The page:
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St. Mary Development Corp. exits low-income housing talks

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Recent efforts to develop a large-scale affordable housing complex in Yellow Springs appear to be stalled for now.

The News obtained an email sent to several Yellow Springs governing bodies by the president of the St. Mary Development Corporation, Tim Bete, who said his organization — which has been working closely with local affordable housing nonprofit YS Home, Inc. — has “decided to end discussions” regarding the pursuit of a tax credit application that could have financed a 50-unit, low-income housing development.

“St. Mary Development no longer believes the time frame is feasible for the Village Council and/or school board to navigate all the issues required to get approval completed for either the CBE or school site,” Bete said in the email, referring to the Village-owned Center for Business and Education, or CBE, and three school district-owned acres adjacent to the middle and high schools — which have been the primary locations up for consideration.

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As previously reported in the News, those lands received a high score on the Ohio Housing Finance Agency’s 2024–25 opportunity index, and as such, had a competitive chance at receiving $15 million in subsidies to construct what was projected to be a $20 million housing development.

In response to an email query from the News, Home, Inc. Executive Director Emily Seibel wrote that, though the nonprofit is “certainly open to talking with other developers,” it is “highly unlikely” the organization will have the necessary time to secure another developer with the same credentials as St. Mary before February 2025, when the application for those subsidies is due.

Owing to that impending deadline to apply for those tax credits, Bete and his development organization came to the conclusion that a timely tax credit application “isn’t possible from St. Mary’s standpoint,” the email read.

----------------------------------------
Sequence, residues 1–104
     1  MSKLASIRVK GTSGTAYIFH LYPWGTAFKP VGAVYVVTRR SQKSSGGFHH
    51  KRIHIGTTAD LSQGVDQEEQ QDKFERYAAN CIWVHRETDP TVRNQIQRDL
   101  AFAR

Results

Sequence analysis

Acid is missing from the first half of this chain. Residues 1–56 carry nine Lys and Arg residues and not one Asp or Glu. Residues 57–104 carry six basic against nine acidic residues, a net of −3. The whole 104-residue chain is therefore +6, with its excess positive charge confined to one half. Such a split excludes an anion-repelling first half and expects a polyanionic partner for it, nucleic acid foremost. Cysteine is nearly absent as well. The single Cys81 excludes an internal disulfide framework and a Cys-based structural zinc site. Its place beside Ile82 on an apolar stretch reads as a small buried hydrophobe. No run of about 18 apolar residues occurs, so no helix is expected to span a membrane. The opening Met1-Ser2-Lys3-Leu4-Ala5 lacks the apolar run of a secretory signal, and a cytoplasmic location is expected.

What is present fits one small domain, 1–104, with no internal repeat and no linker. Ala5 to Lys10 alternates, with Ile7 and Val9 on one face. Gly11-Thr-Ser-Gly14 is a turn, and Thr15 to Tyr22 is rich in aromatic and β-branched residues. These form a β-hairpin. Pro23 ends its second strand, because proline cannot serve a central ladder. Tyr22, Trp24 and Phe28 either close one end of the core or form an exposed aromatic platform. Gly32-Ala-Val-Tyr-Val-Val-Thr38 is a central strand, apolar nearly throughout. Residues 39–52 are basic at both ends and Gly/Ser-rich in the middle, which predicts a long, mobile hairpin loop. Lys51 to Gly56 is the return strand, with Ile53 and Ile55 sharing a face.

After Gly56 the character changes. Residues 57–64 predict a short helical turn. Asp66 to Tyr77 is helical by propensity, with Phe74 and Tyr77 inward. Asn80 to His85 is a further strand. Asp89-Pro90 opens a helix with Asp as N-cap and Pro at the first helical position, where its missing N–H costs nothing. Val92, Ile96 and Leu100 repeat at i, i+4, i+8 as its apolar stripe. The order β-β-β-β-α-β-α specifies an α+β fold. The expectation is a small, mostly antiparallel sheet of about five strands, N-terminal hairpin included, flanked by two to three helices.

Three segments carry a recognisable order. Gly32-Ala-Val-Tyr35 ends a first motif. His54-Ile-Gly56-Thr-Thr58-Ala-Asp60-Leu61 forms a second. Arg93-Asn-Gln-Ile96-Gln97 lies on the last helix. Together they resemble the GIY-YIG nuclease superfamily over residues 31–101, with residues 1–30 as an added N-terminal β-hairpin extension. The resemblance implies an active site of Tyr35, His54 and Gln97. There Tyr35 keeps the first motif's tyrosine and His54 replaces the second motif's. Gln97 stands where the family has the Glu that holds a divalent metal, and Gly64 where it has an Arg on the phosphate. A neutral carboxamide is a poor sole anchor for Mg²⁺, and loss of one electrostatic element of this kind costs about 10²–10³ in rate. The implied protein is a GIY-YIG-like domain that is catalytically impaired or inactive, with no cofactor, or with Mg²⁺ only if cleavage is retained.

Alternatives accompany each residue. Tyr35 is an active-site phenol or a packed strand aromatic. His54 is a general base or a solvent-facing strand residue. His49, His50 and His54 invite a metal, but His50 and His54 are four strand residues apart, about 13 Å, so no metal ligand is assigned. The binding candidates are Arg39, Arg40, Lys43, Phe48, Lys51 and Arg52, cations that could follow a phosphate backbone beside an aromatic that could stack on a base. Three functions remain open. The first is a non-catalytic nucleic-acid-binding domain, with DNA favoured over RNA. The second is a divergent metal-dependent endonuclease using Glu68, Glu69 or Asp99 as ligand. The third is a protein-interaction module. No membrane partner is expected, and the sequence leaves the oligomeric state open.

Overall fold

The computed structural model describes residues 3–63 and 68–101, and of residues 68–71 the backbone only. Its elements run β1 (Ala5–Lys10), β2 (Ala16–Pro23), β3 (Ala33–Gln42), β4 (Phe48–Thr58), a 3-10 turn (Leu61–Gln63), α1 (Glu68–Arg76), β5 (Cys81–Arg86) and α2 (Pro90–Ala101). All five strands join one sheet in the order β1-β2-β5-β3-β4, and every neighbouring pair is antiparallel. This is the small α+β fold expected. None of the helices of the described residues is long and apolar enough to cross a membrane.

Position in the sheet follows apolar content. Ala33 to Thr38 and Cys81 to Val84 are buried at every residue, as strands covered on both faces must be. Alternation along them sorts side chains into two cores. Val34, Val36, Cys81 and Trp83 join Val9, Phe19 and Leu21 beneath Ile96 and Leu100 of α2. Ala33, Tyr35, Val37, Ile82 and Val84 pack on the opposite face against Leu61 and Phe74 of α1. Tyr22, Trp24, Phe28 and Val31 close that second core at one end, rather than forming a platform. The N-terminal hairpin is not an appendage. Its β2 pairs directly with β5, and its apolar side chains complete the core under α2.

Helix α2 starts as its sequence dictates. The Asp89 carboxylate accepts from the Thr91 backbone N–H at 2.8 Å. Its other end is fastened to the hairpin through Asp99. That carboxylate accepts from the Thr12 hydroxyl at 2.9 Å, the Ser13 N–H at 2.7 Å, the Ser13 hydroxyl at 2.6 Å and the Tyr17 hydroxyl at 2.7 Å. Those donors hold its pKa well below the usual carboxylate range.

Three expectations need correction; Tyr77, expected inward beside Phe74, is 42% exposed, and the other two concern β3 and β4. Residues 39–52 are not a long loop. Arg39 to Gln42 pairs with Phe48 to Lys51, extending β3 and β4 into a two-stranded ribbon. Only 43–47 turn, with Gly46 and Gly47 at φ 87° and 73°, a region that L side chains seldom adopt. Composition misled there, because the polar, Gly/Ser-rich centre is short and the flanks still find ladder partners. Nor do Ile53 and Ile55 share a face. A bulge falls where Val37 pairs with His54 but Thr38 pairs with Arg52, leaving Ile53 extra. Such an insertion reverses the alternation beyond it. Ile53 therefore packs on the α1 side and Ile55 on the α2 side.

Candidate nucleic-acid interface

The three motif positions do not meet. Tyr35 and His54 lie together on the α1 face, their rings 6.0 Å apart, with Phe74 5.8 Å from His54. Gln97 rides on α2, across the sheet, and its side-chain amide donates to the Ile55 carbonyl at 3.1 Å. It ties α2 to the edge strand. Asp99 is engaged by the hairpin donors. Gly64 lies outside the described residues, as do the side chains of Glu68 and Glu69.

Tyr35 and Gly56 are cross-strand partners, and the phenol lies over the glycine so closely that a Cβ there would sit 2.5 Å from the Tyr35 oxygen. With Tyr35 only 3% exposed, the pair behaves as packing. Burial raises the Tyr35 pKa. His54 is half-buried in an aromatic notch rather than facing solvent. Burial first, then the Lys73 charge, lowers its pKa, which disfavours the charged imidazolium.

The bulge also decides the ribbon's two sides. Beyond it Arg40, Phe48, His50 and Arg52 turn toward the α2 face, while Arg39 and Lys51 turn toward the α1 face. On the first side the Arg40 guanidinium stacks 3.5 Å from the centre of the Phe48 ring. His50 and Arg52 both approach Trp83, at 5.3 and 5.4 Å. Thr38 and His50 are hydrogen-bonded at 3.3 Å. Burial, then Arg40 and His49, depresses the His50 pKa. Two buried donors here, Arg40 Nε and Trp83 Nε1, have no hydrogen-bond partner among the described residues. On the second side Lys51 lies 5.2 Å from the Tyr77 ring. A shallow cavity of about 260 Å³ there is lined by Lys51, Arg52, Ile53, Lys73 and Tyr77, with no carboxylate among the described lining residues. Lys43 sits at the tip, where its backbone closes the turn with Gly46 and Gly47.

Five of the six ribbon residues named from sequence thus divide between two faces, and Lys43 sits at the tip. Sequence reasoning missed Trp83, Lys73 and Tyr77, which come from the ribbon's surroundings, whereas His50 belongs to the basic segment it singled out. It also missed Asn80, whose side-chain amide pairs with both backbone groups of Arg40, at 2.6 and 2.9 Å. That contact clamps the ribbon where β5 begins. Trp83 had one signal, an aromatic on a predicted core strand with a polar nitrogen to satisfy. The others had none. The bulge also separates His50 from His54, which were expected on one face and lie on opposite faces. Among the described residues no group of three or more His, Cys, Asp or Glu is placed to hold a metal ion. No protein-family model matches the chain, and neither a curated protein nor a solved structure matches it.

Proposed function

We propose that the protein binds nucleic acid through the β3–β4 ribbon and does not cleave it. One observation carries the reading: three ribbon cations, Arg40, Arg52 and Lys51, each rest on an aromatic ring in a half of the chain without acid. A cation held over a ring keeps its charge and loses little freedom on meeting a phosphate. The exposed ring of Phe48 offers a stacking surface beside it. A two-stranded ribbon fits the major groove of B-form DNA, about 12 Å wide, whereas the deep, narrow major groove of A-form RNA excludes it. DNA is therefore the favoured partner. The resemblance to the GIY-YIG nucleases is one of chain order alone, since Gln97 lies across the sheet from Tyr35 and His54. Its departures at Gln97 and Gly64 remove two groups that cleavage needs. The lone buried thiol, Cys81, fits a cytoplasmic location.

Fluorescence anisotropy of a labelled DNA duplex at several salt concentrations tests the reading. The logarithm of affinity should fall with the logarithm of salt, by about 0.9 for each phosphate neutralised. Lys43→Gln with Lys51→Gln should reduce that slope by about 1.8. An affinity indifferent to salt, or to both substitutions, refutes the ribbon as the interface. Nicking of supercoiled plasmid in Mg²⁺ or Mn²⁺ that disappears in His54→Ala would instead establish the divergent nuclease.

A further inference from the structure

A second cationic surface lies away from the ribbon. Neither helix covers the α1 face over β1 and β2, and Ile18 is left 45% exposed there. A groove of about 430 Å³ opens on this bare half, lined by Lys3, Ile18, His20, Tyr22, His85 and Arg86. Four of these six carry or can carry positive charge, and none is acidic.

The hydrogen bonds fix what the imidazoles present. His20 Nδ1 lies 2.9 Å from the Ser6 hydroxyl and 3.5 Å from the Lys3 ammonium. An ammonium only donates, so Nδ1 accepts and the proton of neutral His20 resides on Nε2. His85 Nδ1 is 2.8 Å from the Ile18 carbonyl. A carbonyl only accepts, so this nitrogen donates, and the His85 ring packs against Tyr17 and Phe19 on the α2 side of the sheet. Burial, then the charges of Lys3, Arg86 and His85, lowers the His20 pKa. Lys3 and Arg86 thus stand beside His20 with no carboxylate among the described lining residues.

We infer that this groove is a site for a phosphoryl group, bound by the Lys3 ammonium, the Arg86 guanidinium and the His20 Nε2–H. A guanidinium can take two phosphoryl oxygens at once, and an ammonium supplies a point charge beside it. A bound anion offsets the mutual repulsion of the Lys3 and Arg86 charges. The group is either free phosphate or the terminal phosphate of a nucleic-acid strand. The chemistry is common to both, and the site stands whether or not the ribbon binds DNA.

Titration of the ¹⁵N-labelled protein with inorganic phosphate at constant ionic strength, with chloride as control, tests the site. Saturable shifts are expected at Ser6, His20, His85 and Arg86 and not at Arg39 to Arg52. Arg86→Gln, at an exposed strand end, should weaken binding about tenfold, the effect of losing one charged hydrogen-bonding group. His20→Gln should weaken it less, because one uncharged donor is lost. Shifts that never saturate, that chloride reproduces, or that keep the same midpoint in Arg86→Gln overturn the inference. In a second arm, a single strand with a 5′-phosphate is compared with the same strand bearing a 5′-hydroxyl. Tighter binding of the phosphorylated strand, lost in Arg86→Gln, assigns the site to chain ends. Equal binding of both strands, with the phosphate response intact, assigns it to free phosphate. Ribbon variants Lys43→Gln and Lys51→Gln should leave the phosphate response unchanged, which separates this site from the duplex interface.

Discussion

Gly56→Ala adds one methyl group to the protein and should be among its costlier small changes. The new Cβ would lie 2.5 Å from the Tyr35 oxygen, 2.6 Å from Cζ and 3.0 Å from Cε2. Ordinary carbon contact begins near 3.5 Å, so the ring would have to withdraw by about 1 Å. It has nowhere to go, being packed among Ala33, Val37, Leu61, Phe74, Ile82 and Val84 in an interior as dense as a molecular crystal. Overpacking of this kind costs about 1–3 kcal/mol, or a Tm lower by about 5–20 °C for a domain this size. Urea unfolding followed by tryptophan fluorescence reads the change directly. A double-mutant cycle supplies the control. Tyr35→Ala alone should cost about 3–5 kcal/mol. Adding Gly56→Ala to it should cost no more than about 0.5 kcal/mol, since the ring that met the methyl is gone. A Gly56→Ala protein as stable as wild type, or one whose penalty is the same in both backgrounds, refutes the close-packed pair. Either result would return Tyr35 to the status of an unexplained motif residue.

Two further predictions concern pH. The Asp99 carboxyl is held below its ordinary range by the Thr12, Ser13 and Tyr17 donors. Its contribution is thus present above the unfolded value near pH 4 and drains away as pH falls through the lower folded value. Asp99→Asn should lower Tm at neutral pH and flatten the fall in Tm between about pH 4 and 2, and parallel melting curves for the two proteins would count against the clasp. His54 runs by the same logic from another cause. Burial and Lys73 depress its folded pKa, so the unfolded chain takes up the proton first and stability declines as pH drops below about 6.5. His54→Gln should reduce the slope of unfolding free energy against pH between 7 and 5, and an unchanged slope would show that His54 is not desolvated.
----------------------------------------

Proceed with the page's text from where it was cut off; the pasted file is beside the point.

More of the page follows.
As Bete added in a follow-up interview, Home, Inc. could still apply for the tax credits, but the state finance agency typically awards organizations with “more experience and capacity” than Home, Inc. — hence St. Mary’s involvement and collaboration up to this point.

“I realize many of you felt that we were very close to having the details worked out for a 2025 tax credit application, but we don’t believe we were close at all,” Bete said in his widely shared email. “Especially considering the need to begin the PUD [rezoning] process by the end of June.”

Home, Inc. has — under the guidance of St. Mary — led the charge in petitioning Village and school district leaders to consider modifying land restrictions and zoning conditions on the CBE and school land to accommodate such a housing development — and with some success. Earlier this month, Village Council members considered the possibility of freeing up money from the Village’s affordable housing fund to support Home, Inc.’s efforts; then, a majority of school board members voted affirmatively to approve “the exploration … to sell three acres of school district property.”